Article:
Brig. Gen. Steven Whitney will head the space acquisitions office until an assistant secretary for space acquisition and integration is named. Eric Dietrich/USAF
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Space Force Shakes Up Acquisition Again in Effort to Achieve Efficiencies

Nov. 5, 2021

The Space Force confirmed that it will reorganize space acquisition and space policy authorities starting Oct. 18 in an effort to streamline decision-making in line with Air Force Secretary Frank Kendall’s plan announced in August. 

As first reported by Breaking Defense on Oct. 15, the Department of the Air Force described a plan to break out space policy from the as-yet unnamed space acquisitions chief. The move would reduce the number of personnel required to sign off on policy decisions by transferring space policy to the Chief of Space Operations and the Secretary of the Air Force. 

In August, Kendall described his plan to consolidate the Space Acquisition Directorate from the Office of the Assistant Secretary of the Air Force for Acquisition, Technology, and Logistics, or SAF/AQ, into a new organization, Space Acquisition and Integration, or SAF/SQ. Space acquisition policy remains within SAF/SQ, while broader space policy moves to Space Force and responsibility for international affairs shifts to the deputy undersecretary of the Air Force for international affairs, or SAF/IA.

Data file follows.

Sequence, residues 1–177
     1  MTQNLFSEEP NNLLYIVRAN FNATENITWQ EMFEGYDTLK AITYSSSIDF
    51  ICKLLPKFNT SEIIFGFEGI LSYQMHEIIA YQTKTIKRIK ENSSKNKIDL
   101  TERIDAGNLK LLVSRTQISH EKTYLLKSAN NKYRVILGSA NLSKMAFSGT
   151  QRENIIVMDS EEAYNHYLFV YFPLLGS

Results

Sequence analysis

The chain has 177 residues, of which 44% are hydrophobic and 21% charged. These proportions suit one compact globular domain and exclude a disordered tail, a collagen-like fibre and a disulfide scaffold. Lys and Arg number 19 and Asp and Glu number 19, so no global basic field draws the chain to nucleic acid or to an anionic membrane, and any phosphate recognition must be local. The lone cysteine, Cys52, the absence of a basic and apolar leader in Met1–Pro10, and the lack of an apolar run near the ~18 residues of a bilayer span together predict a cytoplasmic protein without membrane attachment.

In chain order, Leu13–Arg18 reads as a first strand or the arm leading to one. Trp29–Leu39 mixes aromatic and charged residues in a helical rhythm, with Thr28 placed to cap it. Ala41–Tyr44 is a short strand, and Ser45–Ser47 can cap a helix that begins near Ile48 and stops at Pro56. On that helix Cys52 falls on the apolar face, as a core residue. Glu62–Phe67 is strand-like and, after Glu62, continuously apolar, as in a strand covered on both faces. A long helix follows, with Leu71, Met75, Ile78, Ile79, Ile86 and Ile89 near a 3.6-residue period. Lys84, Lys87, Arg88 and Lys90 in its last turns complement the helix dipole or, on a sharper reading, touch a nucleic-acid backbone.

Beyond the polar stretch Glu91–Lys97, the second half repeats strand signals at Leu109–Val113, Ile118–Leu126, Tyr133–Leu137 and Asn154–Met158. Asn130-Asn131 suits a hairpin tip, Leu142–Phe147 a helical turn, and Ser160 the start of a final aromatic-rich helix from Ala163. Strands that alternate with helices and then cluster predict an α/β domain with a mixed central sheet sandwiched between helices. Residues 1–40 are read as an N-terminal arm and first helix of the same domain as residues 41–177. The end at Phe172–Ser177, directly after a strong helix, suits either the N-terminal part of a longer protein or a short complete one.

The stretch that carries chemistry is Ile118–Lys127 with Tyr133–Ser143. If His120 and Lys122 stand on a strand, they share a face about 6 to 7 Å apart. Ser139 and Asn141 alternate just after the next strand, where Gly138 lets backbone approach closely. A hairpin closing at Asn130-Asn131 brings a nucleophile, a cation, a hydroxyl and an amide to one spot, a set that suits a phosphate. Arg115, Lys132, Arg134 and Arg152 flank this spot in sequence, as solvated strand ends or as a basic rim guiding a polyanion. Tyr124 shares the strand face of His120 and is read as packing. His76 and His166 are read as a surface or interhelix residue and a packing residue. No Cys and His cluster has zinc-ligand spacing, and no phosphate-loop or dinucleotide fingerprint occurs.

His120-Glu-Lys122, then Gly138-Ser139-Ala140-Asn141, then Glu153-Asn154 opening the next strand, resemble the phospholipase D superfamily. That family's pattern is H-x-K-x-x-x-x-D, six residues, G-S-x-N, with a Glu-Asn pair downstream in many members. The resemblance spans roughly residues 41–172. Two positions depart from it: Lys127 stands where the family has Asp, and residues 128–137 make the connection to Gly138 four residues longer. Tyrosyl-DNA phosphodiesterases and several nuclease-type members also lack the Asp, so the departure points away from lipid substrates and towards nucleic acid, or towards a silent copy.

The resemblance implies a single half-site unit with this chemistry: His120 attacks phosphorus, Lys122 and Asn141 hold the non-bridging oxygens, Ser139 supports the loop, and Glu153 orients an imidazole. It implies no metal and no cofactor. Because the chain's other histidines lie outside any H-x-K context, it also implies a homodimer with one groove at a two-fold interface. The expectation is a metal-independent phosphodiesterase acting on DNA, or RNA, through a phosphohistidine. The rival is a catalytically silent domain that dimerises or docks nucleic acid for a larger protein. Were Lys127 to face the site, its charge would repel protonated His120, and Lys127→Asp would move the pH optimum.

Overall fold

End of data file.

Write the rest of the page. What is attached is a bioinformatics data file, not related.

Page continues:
Kendall in August named Brig. Gen. Steven P. Whitney to head the space acquisitions office until an assistant secretary for space acquisition and integration is named. Whitney has managed the reorganization pending the appointment of that new civilian leader.

Congress has for months railed against the slow pace of space acquisitions reform and the absence of a civilian chief. In a July report, the House Appropriations Committee claimed the Air Force was dragging its feet. 

“The committee remains concerned that the Air Force has not taken more aggressive action in addressing long-standing space acquisition issues,” the report read.

 Lawmakers also said the Air Force had “made little progress in defining what the Space Force will be doing that is fundamentally different than when it was a component of the Air Force.” 

On Sept. 20 at the Air Force Association’s Air, Space & Cyber (ASC) Conference, both Kendall and Chief of Space Operations Gen. John W. “Jay” Raymond expressed confidence in the reorganization of space acquisition, even though an assistant secretary had not yet been named.

“We’re actually interviewing people right now for the space acquisitions assistant secretary position,” Kendall said at the ASC media briefing, foreshadowing the office reorganization and personnel movement. “So, it’s moving forward. I’m reasonably happy with the pace.”